There was a small gravel bar on our side of the river, across from the glacier -- and we decided that we would bring the plane into the gravel bar for a photo.
Once there with the plane, we walked around and took some photos, but within a minute of arriving, we heard some crackling in the ice. Before we could get in the plane to depart, a piece came down and instantly displaced the river beneath it, creating a 3 to 5-second blast of sand and water, comparable to an explosion. It shot across the river at us. I dropped my camera while instinctively putting my hands over my face and turning my back to the spray and blast, which swept me up the sand and gravel of the river bank. The plane slid sideways 30 feet, and was crushed up against a stationary block of ice, knocking the gear off and smashing one wing and the tail. The fuselage was twisted and the fabric open. The water sluiced back into the river and all was quiet, less than 15 seconds after it started. We were soaked to the skin.
We located each other and the greatest dread passed as I realized that Bobby was OK. We gathered our clothes bag, food, tent, sleeping bags, SPOT transmitter and satellite phone from the baggage area and got to safer, higher ground. We found a place in the sun but behind a boulder to break the breeze. We got out of our wet clothes into dry. After collecting ourselves, and perhaps 30 minutes after the event, we tried calling Donna Claus at Ultima Thule Lodge. Not reaching the Lodge right away, we also tried Dave Calkins to let someone know in Anchorage that we would need to be picked up. Soon after talking with Dave, we reached Donna, and a couple of hours later Loni Habersetzer, whom we had talked with earlier in the day, came and picked us up.
We stayed with Paul and Donna at the Lodge, and two days later Paul flew us out to Chitina in the Otter, and loaned us a Suburban to get to Anchorage, which all worked out in time to meet our guests. I communicated fully with the Park Rangers in charge of the Wrangell-St. Elias, and promised to remove the plane and our remaining gear from the Park if a safe opportunity presented itself.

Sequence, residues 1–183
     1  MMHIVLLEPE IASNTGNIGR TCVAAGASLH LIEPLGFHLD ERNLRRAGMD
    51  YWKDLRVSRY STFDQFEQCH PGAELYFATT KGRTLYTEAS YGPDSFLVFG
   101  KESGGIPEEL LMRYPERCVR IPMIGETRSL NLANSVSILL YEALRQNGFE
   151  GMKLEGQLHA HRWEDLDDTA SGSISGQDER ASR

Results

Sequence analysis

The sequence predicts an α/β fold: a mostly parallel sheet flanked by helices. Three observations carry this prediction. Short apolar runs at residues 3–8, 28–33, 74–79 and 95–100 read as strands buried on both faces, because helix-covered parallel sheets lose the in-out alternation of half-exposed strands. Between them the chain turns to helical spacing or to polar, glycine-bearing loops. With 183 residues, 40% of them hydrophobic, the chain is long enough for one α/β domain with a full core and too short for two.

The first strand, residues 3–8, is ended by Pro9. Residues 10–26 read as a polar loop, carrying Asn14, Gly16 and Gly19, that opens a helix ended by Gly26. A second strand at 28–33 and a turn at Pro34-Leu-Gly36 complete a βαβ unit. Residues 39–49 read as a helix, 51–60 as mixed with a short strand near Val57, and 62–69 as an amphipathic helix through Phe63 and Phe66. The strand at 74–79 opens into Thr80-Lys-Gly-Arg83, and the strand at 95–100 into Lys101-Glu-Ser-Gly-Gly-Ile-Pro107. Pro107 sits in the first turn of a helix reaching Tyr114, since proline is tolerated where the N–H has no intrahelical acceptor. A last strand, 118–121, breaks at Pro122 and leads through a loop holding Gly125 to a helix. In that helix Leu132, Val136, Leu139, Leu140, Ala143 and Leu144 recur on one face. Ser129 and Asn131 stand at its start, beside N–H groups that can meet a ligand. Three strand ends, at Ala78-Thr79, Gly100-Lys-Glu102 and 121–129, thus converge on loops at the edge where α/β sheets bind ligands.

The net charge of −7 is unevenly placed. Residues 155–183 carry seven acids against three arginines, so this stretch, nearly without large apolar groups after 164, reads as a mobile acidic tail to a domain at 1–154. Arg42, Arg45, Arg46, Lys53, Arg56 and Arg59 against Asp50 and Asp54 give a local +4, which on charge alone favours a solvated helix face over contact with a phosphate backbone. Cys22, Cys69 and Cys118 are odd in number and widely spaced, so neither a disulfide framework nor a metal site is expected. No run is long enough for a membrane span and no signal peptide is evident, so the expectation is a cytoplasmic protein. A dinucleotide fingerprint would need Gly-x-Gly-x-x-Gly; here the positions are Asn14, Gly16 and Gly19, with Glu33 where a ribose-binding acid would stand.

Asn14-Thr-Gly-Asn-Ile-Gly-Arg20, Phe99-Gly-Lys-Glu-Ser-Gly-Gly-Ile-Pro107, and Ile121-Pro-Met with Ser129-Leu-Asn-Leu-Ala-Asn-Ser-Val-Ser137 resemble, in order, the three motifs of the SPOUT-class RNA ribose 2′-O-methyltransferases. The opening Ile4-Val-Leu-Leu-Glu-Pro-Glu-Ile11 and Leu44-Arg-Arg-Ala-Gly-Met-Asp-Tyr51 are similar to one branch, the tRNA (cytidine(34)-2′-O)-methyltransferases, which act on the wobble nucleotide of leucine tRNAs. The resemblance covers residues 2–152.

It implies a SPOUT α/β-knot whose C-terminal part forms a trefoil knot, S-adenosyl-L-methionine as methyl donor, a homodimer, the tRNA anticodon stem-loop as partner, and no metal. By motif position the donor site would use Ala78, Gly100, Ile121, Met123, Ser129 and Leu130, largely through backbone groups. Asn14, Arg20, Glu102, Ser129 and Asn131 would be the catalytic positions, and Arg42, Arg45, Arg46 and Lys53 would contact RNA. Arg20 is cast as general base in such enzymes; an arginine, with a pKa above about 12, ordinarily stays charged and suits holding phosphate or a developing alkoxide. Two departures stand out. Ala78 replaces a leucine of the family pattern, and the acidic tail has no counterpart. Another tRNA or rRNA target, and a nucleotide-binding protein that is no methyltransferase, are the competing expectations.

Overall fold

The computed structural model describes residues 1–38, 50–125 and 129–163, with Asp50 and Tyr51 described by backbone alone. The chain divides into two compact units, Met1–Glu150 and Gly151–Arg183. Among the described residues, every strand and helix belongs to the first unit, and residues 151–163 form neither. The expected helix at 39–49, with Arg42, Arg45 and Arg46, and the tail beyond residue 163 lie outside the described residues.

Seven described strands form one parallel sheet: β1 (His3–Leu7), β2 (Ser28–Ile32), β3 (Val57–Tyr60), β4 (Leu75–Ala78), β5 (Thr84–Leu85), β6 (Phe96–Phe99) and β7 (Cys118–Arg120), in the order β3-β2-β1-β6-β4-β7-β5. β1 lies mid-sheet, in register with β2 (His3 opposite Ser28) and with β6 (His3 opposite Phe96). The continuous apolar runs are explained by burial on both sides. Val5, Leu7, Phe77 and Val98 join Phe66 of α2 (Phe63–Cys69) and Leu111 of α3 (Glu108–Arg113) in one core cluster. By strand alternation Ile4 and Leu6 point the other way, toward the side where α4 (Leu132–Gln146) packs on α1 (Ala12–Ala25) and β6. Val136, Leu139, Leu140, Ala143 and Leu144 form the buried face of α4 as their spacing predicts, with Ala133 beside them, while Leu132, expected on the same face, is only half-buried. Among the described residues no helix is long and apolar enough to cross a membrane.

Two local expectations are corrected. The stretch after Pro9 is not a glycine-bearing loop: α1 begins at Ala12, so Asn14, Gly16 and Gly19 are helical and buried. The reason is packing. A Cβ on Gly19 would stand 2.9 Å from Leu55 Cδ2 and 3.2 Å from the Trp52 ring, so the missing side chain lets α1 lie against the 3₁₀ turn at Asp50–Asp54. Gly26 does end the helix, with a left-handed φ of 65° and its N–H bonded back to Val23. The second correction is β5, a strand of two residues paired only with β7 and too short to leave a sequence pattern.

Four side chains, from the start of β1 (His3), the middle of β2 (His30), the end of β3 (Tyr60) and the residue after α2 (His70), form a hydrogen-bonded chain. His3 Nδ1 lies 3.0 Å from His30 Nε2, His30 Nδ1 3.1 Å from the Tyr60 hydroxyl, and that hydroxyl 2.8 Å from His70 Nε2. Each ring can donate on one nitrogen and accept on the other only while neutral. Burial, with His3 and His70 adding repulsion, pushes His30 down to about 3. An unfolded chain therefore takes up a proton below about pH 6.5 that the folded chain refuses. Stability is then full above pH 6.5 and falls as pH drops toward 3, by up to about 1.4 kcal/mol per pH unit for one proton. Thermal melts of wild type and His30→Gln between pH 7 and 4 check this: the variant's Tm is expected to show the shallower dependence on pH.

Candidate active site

We learned that what looks static is not necessarily so, and the shallow river did not absorb the energy of the falling ice like a deep fiord would have -- rather, the 4 or 8-foot-deep water underneath the ice shot out at an incredibly high speed and pressure, traveling faster and farther than I had expected. We are sad to lose our new plane, and for me even more so to lose our pictures, those chronicling the history of the fascinating weeks of father-son adventure with Bobby in Katmai and elsewhere. But we are happy to be alive, and we will always have our memories to reflect on.
The photos here were taken after the initial event. What you see here is much different from the day of the incident. As new ice continuously fell, the river bed changed as well. The original gravel bar was strewn with large ice blocks. As the glacier continued to calve, large blasts of water continued to alter the riverbed and batter the plane. You can see why the plane could not be retrieved once the glacier became unstable.
10 days later, the plane had been moved 100 yards by continuous blasts of water from the calving glacier. The entire glacier had advanced far enough that when large pieces tipped over, they landed directly on the plane.
I got word from my friend who flew over the site on Aug. 7, more than a month after the incident, and he said that the terrain has changed so much that it was entirely unrecognizable from what it looked like the day the incident occurred. The glacier has advanced and covered the original site. There is no trace remaining of the plane.
I recognize now that I should never have been there. The glacier appeared to be stable, but wasn't. I am sharing this story to let anyone know who might be exploring around glaciers to realize that heat and gravity are always affecting the ice and it can give way at any moment, without warning.
Bob Breeden is a pilot and owner of Alaska Airpark.